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Coronavirus: No jab, No job?

There has been considerable debate about whether or not employers can force their employees to take the COVID-19 vaccine. Pimlico Plumbers recently announced that they intend to modify their employment contracts to include a requirement that all new hires must be vaccinated against COVID-19.

The debate raises important legal questions that employers and lawyers will have to get to grips with over the coming months – can employers force employees to take the vaccine? in other words is it a case of no jab, no job?

Looking at it from a commercial point of view, Pimlico Plumbers say that the policy would go a long way to protect their customers and that when offered the choice, customers would rather have someone who has been vaccinated, enter their homes, than someone who has not been vaccinated. Consequently, having vaccinated employees could promote customer confidence and give the company an edge over its competitors.

From an employer’s perspective, they say that they have a duty of care towards safeguarding their employees and that the introduction of this new policy would merely fulfil their legal obligation during the global pandemic.

However it is not as simple as this. Although legally, there is nothing to prevent employers from inserting a ‘no jab, no job’ clause in employment contracts, for new hires, employers cannot currently force existing employees to take the vaccine. So the introduction of this new policy could carry great risk for employers.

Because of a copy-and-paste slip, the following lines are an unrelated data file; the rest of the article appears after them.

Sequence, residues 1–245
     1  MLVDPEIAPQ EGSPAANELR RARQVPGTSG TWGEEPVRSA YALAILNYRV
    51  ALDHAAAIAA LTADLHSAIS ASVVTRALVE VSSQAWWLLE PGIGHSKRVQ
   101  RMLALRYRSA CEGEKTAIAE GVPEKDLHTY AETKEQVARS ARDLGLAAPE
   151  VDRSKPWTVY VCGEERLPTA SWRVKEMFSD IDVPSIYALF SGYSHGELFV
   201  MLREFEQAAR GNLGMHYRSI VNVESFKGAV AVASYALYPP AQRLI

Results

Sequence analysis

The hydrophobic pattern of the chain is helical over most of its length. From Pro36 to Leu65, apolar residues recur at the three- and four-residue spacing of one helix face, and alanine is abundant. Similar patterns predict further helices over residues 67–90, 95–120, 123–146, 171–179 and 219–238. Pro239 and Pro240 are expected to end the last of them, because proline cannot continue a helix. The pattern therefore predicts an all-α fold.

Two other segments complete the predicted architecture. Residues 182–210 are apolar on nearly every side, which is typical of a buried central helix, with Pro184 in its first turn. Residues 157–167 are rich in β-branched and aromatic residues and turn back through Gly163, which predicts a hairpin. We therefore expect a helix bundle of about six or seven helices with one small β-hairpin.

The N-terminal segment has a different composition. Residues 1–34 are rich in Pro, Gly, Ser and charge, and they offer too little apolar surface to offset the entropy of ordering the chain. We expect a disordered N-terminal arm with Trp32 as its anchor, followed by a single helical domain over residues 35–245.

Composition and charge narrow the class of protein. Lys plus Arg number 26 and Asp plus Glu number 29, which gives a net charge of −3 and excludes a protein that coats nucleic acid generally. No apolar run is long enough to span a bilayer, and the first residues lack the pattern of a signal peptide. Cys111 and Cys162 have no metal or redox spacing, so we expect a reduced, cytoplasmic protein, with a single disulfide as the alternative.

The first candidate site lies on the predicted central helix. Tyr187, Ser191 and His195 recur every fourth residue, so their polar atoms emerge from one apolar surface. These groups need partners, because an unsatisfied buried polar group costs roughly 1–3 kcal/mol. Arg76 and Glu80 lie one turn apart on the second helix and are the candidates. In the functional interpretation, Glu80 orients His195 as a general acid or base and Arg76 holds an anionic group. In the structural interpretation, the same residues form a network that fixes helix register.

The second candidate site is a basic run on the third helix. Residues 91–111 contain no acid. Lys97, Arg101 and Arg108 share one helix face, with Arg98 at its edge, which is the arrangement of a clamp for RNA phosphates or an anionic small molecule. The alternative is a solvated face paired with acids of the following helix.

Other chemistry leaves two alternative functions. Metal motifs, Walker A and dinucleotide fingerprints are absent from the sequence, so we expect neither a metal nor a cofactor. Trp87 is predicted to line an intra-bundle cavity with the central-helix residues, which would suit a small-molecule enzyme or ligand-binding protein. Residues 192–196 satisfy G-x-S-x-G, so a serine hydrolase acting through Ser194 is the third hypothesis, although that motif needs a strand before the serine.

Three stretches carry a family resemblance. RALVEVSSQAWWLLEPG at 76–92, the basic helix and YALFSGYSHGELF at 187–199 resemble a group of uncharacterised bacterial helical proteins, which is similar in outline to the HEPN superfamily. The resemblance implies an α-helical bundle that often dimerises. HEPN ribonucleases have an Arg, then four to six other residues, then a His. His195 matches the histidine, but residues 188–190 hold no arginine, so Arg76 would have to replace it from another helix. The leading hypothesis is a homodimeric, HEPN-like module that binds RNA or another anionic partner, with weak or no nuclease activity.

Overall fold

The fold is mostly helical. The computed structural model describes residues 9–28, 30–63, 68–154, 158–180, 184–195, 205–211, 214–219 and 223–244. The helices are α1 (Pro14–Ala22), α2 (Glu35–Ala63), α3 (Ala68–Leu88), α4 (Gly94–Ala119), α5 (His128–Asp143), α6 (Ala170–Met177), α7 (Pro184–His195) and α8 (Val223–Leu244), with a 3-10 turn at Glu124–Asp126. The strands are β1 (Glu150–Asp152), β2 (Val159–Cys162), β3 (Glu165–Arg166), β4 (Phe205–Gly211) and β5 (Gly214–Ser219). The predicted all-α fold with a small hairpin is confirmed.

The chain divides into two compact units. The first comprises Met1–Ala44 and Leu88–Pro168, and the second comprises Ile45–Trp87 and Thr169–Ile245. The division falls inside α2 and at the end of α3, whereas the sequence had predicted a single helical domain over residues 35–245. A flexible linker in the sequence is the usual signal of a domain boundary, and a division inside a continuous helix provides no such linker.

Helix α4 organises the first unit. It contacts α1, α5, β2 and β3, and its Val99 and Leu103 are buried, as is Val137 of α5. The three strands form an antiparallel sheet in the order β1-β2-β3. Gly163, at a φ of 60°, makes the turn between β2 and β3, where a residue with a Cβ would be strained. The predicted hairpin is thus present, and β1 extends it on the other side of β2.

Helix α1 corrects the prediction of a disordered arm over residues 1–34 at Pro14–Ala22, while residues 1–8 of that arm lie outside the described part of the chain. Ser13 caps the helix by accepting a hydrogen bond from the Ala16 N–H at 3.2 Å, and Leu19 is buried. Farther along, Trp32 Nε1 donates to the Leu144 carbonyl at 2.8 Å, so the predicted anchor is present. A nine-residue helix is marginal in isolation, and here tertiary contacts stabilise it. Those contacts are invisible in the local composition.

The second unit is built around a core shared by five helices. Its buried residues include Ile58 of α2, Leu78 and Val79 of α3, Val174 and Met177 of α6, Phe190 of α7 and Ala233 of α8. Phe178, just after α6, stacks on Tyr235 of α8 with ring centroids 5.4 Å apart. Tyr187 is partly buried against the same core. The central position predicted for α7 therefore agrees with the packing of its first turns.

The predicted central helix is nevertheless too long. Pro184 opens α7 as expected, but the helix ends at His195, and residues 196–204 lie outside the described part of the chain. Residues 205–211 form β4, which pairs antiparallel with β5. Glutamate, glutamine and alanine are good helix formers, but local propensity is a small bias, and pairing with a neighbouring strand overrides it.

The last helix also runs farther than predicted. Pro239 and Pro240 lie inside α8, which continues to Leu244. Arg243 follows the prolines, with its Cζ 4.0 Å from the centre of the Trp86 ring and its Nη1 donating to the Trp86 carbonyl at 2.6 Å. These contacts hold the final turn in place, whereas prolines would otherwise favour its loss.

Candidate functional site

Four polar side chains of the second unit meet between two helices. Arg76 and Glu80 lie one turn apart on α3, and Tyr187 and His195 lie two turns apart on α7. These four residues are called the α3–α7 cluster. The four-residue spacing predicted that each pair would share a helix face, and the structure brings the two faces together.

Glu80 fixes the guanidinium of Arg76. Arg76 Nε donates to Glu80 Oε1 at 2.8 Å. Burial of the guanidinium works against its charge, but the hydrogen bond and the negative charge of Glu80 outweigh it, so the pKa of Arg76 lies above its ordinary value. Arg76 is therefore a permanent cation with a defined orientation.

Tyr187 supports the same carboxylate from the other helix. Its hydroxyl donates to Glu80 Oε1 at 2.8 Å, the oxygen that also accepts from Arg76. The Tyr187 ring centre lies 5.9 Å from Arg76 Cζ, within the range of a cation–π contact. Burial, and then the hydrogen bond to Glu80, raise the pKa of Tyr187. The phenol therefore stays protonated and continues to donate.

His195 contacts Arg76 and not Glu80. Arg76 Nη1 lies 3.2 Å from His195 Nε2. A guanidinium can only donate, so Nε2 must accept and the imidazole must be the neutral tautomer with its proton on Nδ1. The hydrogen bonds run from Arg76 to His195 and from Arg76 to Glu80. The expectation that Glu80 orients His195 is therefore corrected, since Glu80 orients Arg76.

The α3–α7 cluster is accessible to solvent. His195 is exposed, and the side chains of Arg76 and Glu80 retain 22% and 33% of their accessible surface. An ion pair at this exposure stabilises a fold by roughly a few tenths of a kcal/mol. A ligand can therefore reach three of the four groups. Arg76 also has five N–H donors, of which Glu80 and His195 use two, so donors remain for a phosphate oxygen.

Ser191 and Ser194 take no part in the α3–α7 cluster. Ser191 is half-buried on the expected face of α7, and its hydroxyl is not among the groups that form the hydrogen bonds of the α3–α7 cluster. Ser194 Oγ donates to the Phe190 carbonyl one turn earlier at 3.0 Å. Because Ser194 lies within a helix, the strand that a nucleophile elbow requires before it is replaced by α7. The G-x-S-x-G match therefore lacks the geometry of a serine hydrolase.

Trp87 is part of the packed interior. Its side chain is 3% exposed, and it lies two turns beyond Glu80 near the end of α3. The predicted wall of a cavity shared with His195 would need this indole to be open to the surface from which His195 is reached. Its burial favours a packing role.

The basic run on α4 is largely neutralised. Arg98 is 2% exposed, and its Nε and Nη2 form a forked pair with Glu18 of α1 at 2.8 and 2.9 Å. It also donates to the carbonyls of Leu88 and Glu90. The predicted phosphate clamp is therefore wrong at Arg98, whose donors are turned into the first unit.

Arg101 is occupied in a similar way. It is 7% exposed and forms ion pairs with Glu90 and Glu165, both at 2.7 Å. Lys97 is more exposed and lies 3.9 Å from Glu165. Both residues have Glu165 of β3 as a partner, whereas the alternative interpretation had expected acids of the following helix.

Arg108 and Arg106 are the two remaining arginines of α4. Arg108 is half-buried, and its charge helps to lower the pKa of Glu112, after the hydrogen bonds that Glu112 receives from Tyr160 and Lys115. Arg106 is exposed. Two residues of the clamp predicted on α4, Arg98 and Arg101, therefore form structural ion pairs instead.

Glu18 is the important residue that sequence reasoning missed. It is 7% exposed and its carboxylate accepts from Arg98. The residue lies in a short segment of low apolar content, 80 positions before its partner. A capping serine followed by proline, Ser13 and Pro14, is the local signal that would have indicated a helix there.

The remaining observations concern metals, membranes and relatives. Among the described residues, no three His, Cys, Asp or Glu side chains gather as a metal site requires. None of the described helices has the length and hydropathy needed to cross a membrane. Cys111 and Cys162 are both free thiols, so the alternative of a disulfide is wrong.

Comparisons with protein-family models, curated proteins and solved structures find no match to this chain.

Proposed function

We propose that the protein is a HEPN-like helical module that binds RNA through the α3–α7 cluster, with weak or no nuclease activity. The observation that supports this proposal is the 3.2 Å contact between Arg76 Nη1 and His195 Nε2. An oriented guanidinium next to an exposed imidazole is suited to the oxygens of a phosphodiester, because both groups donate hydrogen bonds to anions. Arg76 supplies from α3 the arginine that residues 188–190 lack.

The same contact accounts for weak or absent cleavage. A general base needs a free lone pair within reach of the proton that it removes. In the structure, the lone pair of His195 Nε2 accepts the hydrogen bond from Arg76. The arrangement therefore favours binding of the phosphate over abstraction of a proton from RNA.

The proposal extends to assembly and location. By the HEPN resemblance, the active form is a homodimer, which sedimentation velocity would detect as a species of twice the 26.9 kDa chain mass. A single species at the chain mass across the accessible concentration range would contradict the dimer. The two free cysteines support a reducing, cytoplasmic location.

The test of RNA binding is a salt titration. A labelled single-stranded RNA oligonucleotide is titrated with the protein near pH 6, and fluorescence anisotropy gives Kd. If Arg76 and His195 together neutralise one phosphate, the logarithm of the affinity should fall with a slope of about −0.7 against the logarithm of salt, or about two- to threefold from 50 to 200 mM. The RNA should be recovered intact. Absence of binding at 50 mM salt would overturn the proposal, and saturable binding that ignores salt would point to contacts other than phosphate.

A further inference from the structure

Ultimately employees are entitled to refuse the vaccine for all sorts of reasons, which for example include religion or belief, pregnancy, disability or other medical grounds. Employees may be able to bring legal claims where such rights are denied.

Pimlico Plumbers have said that in relation to existing employees, they are not putting anyone under pressure, to have the vaccine and that most of their employees approve the policy. The firm has even offered to pay for private vaccinations (when available) and travel costs, in order to safeguard their employees and have said that this would be done during the firm’s own time, an approach which has been welcomed by existing employees.

Whilst businesses appear to be seeking ‘no jab, no job’ contracts, the safest option for employers, at the moment, is to promote the vaccine roll-out and incentivise employees to take it, rather than forcing or pressurising them to take it.

If you have any queries about this issue or other employment matters, please contact Raj Dhokia in our Employment Department by telephone 020 7625 6003 or by email r.dhokia@fgdlaw.co.uk